Samsung Just Blew Everyone’s Mind with Its MicroLED Displays

Remember when Samsung launched The Wall (a giant display made-up of MicroLEDs) a couple of years ago to all that fanfare? But then Sony blew them away with their version — called Crystal LED?

Well, Samsung just took all the thunder back with what they showed at CES using MicroLEDs. You see, MicroLED walls — whether or not they are giants room-sized, theater-screen sized or stadium scoreboard-sized displays are all made up of small (about 1’x1’) panels filled with MicroLEDs. At shows where they have been shown, Samsung has assembled them in giant configurations. In fact, they showed a 219″ (about 18 feet) display at CES yesterday. But, that giant screen is actually made up of about 180 of those smaller panels.

That doesn’t seem like that big of a deal — but at CES, Samsung showed how you can take these small tiles and custom-build a TV (display) to nearly any size you want. In fact, they showed a 75” version being assembled and disassembled one panel at a time, live. In a matter of seconds. So, with MicroLEDs, you’ll get customized, modular, configurable direct-view monitors that are very, very, very bright and with a resolution that no standard LEDs ever been able to come close to.

Of course, it will be expensive at first. But, how long until it isn’t? I remember the 55″ 4K QLEDs or even OLEDs were $20,000 just three years ago — and now they range from $650 to $2,000. By the end of the year, they could be under $1,000 and down to as low as $400.

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Alongside Samsung’s aforementioned pre-packaged 75-inch MicroLED display, a launch event yesterday at CES also showcased the 219-inch version of the MicroLED they are calling “The Wall” again — and this time it has wow-factor for sure.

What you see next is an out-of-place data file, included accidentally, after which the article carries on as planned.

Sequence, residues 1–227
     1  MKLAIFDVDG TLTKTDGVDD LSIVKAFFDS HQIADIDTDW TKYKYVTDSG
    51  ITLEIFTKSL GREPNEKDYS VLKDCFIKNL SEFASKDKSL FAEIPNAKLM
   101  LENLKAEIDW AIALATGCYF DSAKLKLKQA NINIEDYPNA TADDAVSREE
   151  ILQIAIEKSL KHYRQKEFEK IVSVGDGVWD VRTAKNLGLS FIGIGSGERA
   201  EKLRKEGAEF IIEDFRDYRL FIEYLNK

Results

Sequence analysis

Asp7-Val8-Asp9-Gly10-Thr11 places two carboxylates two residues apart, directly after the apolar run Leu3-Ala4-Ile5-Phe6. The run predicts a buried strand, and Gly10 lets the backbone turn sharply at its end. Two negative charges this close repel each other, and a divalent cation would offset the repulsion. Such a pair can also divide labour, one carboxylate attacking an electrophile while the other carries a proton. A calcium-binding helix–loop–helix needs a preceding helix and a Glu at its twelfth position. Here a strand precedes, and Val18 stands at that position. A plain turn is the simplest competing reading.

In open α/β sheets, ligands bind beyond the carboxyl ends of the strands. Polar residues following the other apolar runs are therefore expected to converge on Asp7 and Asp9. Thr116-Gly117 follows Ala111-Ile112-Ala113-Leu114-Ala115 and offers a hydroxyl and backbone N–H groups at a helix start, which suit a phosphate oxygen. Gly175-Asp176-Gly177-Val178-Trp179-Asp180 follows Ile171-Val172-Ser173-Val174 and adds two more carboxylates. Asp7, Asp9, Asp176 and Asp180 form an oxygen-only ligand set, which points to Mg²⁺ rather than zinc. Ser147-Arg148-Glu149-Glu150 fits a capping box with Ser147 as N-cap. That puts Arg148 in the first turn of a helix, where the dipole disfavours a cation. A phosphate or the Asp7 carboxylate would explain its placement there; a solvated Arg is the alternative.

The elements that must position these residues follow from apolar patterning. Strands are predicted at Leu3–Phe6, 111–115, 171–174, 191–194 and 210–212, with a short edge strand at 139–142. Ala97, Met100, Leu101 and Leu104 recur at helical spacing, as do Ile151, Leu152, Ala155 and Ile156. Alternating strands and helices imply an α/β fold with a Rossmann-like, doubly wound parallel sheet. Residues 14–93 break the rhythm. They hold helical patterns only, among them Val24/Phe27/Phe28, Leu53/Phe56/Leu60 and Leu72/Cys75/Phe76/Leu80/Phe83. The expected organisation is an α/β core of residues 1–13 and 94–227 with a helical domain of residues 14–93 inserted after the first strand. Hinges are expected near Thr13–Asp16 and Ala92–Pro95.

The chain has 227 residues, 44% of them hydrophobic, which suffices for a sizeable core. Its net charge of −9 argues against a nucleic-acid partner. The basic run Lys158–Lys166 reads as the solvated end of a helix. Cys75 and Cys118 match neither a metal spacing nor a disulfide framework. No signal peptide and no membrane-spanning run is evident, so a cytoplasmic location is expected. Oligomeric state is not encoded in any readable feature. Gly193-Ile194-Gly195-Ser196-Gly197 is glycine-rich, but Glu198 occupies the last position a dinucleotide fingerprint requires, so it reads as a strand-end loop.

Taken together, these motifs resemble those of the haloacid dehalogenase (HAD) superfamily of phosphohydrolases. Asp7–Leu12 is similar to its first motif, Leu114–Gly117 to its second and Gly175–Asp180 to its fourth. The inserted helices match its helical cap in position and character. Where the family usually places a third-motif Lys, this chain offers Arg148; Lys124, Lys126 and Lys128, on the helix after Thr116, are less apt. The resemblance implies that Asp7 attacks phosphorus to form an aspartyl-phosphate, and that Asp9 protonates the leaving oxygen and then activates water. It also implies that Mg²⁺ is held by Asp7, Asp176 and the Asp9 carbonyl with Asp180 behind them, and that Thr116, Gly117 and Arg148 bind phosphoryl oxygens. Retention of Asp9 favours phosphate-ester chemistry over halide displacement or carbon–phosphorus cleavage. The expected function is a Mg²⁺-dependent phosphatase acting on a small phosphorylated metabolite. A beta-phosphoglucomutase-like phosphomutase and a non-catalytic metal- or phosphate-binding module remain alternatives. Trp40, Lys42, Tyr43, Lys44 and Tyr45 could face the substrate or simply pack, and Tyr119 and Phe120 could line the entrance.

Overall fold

Take a look at video and photos below to understand the true impact of all of this.

Gary Kayye

About Gary Kayye

Gary Kayye, founder of rAVe Publications, is one of the most prominent personalities in the audiovisual industry. He has been a contributor to WIRED magazine and a technical advisor and columnist for Sound & Communications magazine as well as an opinionated columnist for rAVe [Publications] since 2003. In addition to his writing and market analysis, Gary has been a product, marketing and business operations consultant to dozens of AV companies in the U.S. and overseas. Clients have included companies such as Sony, Sharp, Epson, Lutron, InFocus, Sanyo, Mitsubishi, NEC and Philips.   Gary, who has been involved with the audiovisual market for over 20 years, was the recipient of the InfoComm 2003 Educator of the Year Award and the 2007 NSCA Instructor of the Year Award. Over the years, he has donated much of his time as an active volunteer in the AV industry’s trade association and served as chairman of InfoComm’s Professional Education & Training Committee (PETC), chairman of the ICIA Design School Committee and chairman of InfoComm’s Installation School Committee. In addition, he has served on the InfoComm board of governors. He also helped grow the InfoComm Projection Shoot-Out as the premiere AV industry trade show special event serving on the committee from 1991 through 1997, and was instrumental in launching the Shoot-Out in the European market at the Photokina Expo in 1994 and 1996 as well as the Asian market at the 1995 and 1997 INFOCOMM Asia shows.   Prior to founding his own company, Gary was vice president of sales and marketing for AMX Corporation (, a manufacturer specializing in professional AV and residential AV control systems. Prior to AMX, Gary spent nine years at Extron Electronics (, rising to the position of vice president of sales and marketing. Gary earned his bachelor’s degree in journalism in 1987 from the University of North Carolina and is currently Adjunct Faculty at UNC in the School of Journalism teaching a class on how future technologies will affect the future of advertising, PR and marketing.   He is also the founder of Swim for Smiles, a non-profit that raises money for the N.C. Children’s Hospital through swimming and other fitness-related events for kids. You can contact him at